What's in a (street) name?

A very interesting study came across my desk the other day that I thought was worth sharing.  Apparently, in the UK, living on a ‘street’ isn’t all it’s cracked up to be. 

A study by the UK property website Zoopla looked at the average property values for each of the 858,000 residential locations in the UK.  It found that properties located on ‘Hills’ and ‘Lanes’ are worth more than the national average, while ‘Streets’ and ‘Terraces’ have the lowest average property values. 

Other value-topping names included ‘Lane’, ‘Mews’, ‘Park’ and ‘Green’, while  ‘Crescent’, ‘Court’ and ‘View’ didn’t fare so well. 

Why the price discrepancy? A simple conclusion to jump to would be that the less common street types represent the pricier places to buy.  But this is not so, according to the study.  The least common of the top 20 street names, ‘Square’, has an average value only slightly higher than the national average, while ‘Lane’ is one of the most common names but still possesses the highest average price tag.   

The study reminded me of some press in Australia that I read awhile ago which considered the effect of street names on house buyers.  Some real estate agents spoke of buyers being put off by certain street names, and gravitating towards others.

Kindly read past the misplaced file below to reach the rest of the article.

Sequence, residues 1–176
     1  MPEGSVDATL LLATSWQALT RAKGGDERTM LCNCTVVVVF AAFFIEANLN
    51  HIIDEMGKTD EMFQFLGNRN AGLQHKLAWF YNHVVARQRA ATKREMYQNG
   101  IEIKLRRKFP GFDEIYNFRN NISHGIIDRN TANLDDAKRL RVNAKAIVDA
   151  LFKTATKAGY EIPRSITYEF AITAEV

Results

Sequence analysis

Sound ridiculous? Apparently not to the residents of Bogan Place, Wahroonga in NSW.  So sick of their street sign being stolen, not to mention the negative connotations associated with the word, in 2008 the local council was petitioned and the street was renamed ‘Rainforest Close’. 

What then, is the meaning of such research for buyers in today’s market?  I don’t really think a street name or type should be seriously considered as a deciding factor in a property purchase. 

It is perfectly natural for certain names to resonate well with you, while others may not seem as desirable.  However, there are many other factors that come into play to determine the value of a property and its appropriateness for you. 

Distance from public transportation, schools, local amenities and the city will have much more of an impact on value than street name, and should all be taken into consideration before a decision is made.  

Posted by Charles Tarbey on 27/07/2010 at 1:50 PM | Categories: Buying -


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